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Benefiting by Design

Women of Color in Feminist Psychological Research

Editor(s): Arlene E. Edwards, Chemba Raghavan, Kim Marie Vaz

Book Description

The presence of women of color within the practical applications of social science research findings is severely limited, since spaces where and when women of color enter the arenas of research methodology, research question and intervention design and knowledge generation is often that of the other. Benefitting by Design addresses this limitation. It does so by locating the experience and knowledge of women of color as its central theme, with sections of the text referring to emerging trends that attend to the need for greater representation of women of color in research and academic settings. A key theme is the dislodging of currently accepted positions for the experience of women of color as marginalized, and subsumed under normative modes of examination to central positions in areas of social science research and clinical practice. This is in response to the typical assumption of the need to ‘fix’ women of color be it based on their immigration status, sexual orientation, race, culture, class or spiritual practice. Benefitting By Design attends to the salient contexts of the lives of women of color from an emic perspective, by providing models for addressing the limitations that result from exclusion, and strategies for centering the experiential knowledge of women of color in social science research and practice that is designed for their benefit.


ISBN-13: 978-1-8471-8650-8
ISBN-10: 1-84718-650-5
Date of Publication: 01/08/2008
Pages / Size: 190 / A5
Price: £29.99


Chemba Raghavan, Ph.D., is a visiting research scholar of Psychology from New College of Florida and currently serves as a Consultant for the regional headquarters of UNESCO and UNICEF, Bangkok. As a Consultant for the Asia-Pacific Programme on Education for All (APPEAL)-UNESCO, she is the Series Editor for several Advocacy Briefs relating to gender and how to address gender issues in policymaking, in the Asia-Pacific region. At UNICEF, she currently oversees a regional exercise for mapping resources and national data on early childhood from over 30 countries in the Asia-Pacific region. She also continues to publish peer-reviewed articles and make presentations based on her research (Project SAFARI) on immigrant gender role identities in the United States.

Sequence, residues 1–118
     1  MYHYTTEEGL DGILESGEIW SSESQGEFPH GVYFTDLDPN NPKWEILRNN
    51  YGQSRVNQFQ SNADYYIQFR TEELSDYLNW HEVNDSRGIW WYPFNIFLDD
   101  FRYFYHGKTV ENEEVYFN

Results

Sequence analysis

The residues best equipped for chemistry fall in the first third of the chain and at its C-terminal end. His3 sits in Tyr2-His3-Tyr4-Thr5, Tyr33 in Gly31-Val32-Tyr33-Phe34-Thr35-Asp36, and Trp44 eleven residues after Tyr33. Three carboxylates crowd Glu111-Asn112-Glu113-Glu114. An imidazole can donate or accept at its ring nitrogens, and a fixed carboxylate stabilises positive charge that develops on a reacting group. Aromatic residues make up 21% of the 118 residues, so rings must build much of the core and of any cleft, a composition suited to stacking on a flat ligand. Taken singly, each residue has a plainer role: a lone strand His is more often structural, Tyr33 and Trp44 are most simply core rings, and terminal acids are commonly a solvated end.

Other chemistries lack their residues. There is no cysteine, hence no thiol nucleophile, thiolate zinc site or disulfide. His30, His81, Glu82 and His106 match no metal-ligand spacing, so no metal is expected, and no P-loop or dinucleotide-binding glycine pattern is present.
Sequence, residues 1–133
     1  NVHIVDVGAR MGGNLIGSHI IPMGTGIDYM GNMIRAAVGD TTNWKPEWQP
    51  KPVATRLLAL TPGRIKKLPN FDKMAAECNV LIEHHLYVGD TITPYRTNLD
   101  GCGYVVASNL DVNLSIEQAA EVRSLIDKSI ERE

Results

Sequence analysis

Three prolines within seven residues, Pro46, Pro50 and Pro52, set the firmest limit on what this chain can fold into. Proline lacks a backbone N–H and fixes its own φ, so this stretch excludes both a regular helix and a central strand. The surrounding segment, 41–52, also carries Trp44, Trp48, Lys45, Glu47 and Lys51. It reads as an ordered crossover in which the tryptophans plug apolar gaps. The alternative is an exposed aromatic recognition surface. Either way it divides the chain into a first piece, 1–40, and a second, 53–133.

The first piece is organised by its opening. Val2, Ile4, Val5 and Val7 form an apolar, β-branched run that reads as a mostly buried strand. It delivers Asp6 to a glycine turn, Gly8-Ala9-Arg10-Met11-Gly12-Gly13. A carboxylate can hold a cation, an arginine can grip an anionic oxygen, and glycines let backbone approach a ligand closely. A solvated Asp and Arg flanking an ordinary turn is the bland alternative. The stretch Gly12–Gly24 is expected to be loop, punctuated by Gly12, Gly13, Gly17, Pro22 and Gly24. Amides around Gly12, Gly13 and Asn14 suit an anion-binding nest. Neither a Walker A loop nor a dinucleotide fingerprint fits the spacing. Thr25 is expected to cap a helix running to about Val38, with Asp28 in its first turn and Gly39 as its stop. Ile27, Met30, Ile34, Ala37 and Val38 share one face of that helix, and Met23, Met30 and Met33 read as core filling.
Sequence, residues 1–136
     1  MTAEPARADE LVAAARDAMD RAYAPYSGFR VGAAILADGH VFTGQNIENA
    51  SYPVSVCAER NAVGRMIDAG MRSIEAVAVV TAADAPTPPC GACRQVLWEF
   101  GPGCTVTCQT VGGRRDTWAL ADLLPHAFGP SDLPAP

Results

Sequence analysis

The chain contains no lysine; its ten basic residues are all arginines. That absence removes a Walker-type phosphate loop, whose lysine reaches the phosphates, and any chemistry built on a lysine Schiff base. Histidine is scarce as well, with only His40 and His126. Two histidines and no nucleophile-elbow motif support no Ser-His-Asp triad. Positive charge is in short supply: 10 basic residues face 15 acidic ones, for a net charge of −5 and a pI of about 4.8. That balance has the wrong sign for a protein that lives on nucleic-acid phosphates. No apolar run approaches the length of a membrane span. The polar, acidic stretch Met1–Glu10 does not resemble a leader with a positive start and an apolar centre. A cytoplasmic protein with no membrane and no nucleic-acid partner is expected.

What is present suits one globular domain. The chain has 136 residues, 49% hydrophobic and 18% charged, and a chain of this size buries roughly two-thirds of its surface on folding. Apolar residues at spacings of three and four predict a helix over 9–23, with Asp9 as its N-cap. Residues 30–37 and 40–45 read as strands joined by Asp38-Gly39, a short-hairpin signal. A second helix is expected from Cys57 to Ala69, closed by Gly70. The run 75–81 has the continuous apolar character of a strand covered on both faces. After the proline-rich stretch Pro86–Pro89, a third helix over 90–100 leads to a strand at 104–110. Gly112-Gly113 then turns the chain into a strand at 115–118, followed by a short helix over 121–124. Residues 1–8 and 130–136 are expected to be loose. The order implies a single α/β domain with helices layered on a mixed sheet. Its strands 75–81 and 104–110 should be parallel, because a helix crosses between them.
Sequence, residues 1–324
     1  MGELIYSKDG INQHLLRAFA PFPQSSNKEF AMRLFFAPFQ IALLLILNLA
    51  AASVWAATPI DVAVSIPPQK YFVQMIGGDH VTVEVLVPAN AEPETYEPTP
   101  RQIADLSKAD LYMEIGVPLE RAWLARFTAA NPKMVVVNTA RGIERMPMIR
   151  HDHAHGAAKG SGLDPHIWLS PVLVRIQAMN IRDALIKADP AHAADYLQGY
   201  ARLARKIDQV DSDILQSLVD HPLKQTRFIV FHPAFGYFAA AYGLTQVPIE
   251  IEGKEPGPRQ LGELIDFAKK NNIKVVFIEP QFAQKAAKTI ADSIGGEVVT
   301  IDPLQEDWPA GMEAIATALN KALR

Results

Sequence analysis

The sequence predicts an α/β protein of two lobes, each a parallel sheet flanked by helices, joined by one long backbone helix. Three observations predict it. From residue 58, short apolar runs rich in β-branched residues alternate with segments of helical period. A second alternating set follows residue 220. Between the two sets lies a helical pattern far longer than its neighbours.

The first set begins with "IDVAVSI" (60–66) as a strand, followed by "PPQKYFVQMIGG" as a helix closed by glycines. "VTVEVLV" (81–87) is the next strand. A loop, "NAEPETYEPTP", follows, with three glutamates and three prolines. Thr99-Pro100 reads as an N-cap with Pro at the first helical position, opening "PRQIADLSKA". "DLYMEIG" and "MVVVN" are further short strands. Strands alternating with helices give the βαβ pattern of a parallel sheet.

Arlene E Edwards, Ph.D. is a community psychologist currently affiliated with the Career MPH Program at Emory University and teaches part time in the Department of Psychology at Morehouse College. Her research interests include attending to the themes found in Black women’s community work and conducting HIV/AIDS prevention research. She also runs a small nonprofit, The ELVA Collective, aimed at conducting collaborative, community-based work with a specific focus on the lives of Black women.

Kim Vaz, Ph.D. is an Associate Professor and Chair of the Department of Women’s Studies at The University of South Florida, a faculty member of the Tampa Bay Institute for Psychoanalytic Studies. Vaz is author of The woman with the artistic brush: A life history of Yoruba batik artist, Nike Davies, from M.S. Sharpe Publications, and editor of Black women in America and Oral narrative research with Black women, both from Sage Publications. She has published Many Floridas: Women Envisioning Change (with Rhonda Ovist, Judy Hayden, Sharon Masters, 2007 from Cambridge Scholars Publishing and Florida without Borders: Women at the Intersections of the Local and Global (with Judy Hayden and Sharon Masters) again through Cambridge Scholars Publishing. She sees patients in her private practice for psychoanalysis and psychoanalytic psychotherapy.